Gallery: Elevated Prefab Home On Cusabo Island is Perched To Withstand ...

All of the steel beams are 76% recycled content.
All of the steel beams are 76% recycled content.

Designed by Seattle-based Woollen Studio and built by Park City, UT-based EcoSteel, the Cusabo Island home is a prefab wonder. Engineered to exceed FEMA flood zone code requirements, with helical foundations, a steel structure, steel exterior wall and roof panels, which allow for extreme 140mph wind loading capabilities and superior fire resistance. The 3,888 square foot home features a number of balconies, two bedrooms and an open floor plan living and dining area. The home was prefabricated off-site and then flown in via helicopter for quick and low-impact construction (minus the helicopter time).

As the home is located in a remote location on an island, services are not close, so it needed to be completely self-sufficient in terms of utilities as well as protection. Solar photovoltaics, a wind turbine and evacuated tube collectors provide enough electricity and hot water to make the home totally off-grid. Composting toilets handle waste and a leach field processes grey water, while a rainwater catchment system collects water for household use.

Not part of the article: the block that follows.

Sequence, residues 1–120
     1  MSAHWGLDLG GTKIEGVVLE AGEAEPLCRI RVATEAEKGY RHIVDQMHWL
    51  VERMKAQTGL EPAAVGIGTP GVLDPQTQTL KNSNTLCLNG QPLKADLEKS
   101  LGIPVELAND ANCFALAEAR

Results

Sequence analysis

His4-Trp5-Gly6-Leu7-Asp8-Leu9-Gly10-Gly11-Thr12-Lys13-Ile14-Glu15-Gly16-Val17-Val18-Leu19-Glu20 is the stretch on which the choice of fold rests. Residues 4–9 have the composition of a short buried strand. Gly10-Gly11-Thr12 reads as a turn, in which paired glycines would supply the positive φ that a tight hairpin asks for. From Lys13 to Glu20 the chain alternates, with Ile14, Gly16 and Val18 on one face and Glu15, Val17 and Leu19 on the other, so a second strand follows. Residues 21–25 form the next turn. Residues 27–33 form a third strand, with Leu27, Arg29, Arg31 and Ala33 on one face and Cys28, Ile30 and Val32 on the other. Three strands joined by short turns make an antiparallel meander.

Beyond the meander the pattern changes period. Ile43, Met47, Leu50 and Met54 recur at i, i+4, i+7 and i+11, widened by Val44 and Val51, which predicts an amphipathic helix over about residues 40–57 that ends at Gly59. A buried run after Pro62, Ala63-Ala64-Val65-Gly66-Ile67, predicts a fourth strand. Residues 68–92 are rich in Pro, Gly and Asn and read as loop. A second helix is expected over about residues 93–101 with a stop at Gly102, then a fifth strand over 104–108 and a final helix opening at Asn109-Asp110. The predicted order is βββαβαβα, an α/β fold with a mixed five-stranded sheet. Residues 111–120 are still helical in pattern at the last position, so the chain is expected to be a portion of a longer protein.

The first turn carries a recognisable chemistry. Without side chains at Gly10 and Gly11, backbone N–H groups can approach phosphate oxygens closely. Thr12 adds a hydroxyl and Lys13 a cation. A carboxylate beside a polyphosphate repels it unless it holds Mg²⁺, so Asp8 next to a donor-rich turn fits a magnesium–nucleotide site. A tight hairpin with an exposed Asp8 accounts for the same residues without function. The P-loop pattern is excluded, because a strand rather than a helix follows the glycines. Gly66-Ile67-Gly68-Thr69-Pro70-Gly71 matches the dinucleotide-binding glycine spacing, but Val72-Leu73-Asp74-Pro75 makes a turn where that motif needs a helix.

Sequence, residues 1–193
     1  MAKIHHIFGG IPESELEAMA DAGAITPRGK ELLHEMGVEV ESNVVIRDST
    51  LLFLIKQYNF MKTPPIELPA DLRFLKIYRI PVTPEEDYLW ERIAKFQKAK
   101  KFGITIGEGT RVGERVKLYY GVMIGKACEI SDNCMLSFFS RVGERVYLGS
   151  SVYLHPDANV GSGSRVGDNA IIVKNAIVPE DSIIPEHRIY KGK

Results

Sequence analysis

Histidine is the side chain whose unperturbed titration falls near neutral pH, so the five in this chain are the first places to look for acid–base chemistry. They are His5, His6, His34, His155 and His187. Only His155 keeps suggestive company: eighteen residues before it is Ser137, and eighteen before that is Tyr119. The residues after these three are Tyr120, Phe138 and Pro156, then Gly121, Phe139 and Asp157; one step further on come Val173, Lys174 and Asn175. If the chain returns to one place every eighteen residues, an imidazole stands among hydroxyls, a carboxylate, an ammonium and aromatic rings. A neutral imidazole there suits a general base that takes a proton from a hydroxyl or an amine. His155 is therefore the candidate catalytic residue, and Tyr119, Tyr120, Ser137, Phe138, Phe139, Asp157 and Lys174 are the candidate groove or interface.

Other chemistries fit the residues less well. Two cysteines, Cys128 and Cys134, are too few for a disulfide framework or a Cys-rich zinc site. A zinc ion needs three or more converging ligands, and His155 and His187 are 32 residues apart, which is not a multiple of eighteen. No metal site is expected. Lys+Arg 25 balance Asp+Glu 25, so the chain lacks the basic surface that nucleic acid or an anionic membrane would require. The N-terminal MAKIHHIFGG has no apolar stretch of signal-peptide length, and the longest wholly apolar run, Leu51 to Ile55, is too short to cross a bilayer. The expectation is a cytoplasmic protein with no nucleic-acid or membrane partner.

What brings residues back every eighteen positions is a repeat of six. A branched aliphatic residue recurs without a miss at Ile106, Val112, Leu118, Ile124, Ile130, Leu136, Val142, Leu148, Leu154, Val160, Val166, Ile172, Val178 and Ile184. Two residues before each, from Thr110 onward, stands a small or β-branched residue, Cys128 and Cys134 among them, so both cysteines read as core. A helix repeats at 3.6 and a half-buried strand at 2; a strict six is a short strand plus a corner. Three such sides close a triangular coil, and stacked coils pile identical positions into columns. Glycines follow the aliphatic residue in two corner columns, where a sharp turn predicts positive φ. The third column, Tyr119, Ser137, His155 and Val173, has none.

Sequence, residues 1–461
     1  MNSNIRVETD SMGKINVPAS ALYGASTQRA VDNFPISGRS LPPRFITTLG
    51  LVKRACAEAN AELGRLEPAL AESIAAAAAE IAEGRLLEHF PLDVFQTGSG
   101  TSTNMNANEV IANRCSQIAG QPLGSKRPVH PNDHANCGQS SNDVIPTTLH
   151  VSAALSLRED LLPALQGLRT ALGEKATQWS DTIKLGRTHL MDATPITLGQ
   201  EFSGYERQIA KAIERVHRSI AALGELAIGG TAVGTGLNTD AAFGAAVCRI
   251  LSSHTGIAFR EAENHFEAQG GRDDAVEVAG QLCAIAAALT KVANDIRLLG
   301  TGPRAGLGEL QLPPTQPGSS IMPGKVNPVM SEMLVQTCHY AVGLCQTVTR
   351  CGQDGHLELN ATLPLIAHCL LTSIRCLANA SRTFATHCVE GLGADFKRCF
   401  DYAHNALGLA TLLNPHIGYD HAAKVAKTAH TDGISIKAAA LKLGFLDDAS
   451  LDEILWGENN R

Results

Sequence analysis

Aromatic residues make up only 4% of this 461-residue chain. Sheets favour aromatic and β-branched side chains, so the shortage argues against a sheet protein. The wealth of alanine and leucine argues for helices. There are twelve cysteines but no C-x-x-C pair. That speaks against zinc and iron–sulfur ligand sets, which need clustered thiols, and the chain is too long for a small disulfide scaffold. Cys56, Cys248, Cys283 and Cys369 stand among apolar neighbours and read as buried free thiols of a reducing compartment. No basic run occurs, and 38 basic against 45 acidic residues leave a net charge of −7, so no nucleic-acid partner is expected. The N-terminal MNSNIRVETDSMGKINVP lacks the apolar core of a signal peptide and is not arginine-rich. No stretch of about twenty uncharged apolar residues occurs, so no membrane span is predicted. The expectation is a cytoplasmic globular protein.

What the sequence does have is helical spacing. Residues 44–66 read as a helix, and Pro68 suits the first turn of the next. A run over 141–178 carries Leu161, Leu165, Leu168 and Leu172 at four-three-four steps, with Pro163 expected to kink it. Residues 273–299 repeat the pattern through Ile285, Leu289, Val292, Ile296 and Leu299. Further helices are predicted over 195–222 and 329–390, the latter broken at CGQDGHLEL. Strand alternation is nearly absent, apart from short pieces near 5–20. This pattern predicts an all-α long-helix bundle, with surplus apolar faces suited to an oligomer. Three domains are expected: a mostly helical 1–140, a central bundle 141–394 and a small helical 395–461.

Insulated storm doors and shutters protect the home during Atlantic storms and minimize heat gain and loss. Sun screens, wide overhangs and louvered doors provide shade protection. Passive solar design and natural ventilation help further minimize energy usage. The home is also built high off the ground to protect it from storm surges and flooding, but when everything is calm, the owners make use of a screened-in porch on the ground floor to take refuge from the heat and the insects.

+ Woollen Studio

+ EcoSteel

Via JetsonGreen


or your inhabitat account below

1 Comment

  1. kmpgigi October 1, 2011 at 11:11 am

    I would like to know “ball park” costs of this type of project. I am currently exploring similar ideas for Culebra, small island off of Puerto Rico. I am looking for the same eco friendly project, but scaled down for a more tropical climate.

get the free Inhabitat newsletter

Submit this form
popular today
all time
most commented
more popular stories >
more popular stories >
more popular stories >
Federated Media Publishing - Home